> above paragraph is trying to derive recommendations from the latter.
>
> I suggest the wording
> Routing protocols that do not require unique IP addresses within the
> routing domain utilize a separate unique identifier within the routing
> protocol itself; such identifiers could be based on factory assignment 
> or configuration.

We can make this change.

>> Nevertheless, configuring an IP address that is unique within the 
>> routing
>> domain satisfies the less stringent uniqueness requirements of local
>> uniqueness, while also enabling protocols which have the most
>> stringent requirements of uniqueness within the routing domain. As a
>> result, the following principle allows for IP autoconfiguration to
>> apply to the widest array of routing protocols:
>>
>> o an IP address assigned to an interface that connects to a link
>> with undetermined connectivity properties should be unique, at
>> least within the routing domain.
>>
>> And in Section 6.1:
>>
>> OLD:
>> o There is no mechanism to ensure that IPv6 link-local addresses are
>> unique across multiple links, hence they cannot be used to
>> reliably identify routers (it is often desirable to identify a
>> router with an IP address).
>> NEW:
>> o There is no mechanism to ensure that IPv6 link-local addresses are
>> unique across multiple links, hence they cannot be used to
>> reliably identify routers, should this be necessary by the routing
>> protocol for which IP address autoconfiguration is being provided.
>
> According to RFC 4291 EUI-64-based interface identifiers have global 
> scope when created from a universal token. A result of this is that 
> link-local addresses formed from such interface identifiers have 
> global scope. Hence the "no mechanism" above seems factually incorrect.
>
> Thus I think section 6.1 needs to differentiate between the global and 
> local scope for the interface identifiers for it to make sense.
> Should I suggest replacement text?

There is a difference between an intent to create addresses with a 
particular scope, and our ability to test that they really are unique. 
The text says "no mechanism to ensure" and I take that it means the 
testing part. This seems correct, though I do agree that it might have 
been confusing.

> This paragraph seems like a non seqiteur:
>    o  Routers cannot forward any packets with link-local source or
>       destination addresses to other links (as per [RFC4291]) while most
>       of the time, routers need to be able to forward packets to/from
>       different links.
> Clearly the application traffic needs to use non-link-local addresses 
> to work across multiple links, but that has nothing to do with what IP 
> addresses are configured on the interfaces of routers as we see from 
> the requirement for RIPng and OSPFv3 to use IPv6 link-locals on router 
> interfaces.
>
> Instead the issue is that link-local addresses are not useful for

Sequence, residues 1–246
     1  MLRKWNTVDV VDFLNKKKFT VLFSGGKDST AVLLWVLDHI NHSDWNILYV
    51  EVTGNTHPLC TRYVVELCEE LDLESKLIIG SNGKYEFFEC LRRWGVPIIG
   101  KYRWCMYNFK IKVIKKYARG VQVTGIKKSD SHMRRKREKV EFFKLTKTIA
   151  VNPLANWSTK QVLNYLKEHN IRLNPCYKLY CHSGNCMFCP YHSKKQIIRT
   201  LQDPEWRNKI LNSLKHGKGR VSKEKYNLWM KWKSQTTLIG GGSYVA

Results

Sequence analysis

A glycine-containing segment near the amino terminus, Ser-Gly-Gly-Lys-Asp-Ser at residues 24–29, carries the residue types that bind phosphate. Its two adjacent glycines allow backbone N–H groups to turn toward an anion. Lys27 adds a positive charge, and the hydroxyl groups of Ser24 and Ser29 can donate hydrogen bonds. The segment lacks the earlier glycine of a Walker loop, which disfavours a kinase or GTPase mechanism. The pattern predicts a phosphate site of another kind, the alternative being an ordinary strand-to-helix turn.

> applications *other than routing protocols*, and that is the 
> motivation for the subsequent paragraph:

This section talks about the limited utility of link-local addresses. I 
agree that the paragraph above is relevant in an application context.

>> OLD:
>> Therefore, autoconfiguration solutions should be encouraged to
>> primarily focus on configuring IP addresses that are not IPv6 link-
>> local.
>> NEW:
>> Therefore, an autoconfiguration solution which provides a mechanism for
>> assigning addresses with a wider scope than IPv6 link-local alone will
>> be more generally useful than one that does not.
>
> That misses the point. It is the motivation for this recommendation 
> which is confused and misleading, and not the conclusion itself. The 
> motivation is that applications (other than routing protocols) most 
> likely desire to communicate across the whole Ad Hoc network, if not 
> across the whole Internet, which makes link-local addresses of limited 
> use.

We agree so far.

> But they can still be quite useful as for the purposes of routing 
> protocols, and bootstrapping address autoconfiguration protocols.

And no one is disputing that. However, as stated in the document there 
are routing protocols that _do_ require non-link local addresses. So 
while I agree with your "can be still quite useful" claim I do not see a 
basis for claiming that link local addresses should be the one and only 
form of address configuration for routing protocols, or even that such 
addresses must be available as part of an addressing model.

> This confusion is related to the odd scope mismatch between the title 
> and the abstract. Clearly we want to be able to autoconfigure 
> non-link-local addresses for applications, but the abstract limits the 
> scope of the document to IP addressed assigned to router interfaces, 
> and there link-local address might be just fine.

See above.

> Note that the last sentence in the first paragraph in section 4 is 
> also misleading (I'm assuming that paragraph is about configuring 
> router interfaces and not host interfaces) in saying
>    Note that while link-local addresses are assumed to be "on link", the
>    utility of link-local addresses is limited as described in Section 6.
> when in fact using link-local address, in particular those based on 
> global scope interface identifiers, might be just fine for router 
> interfaces.

See above.

Jari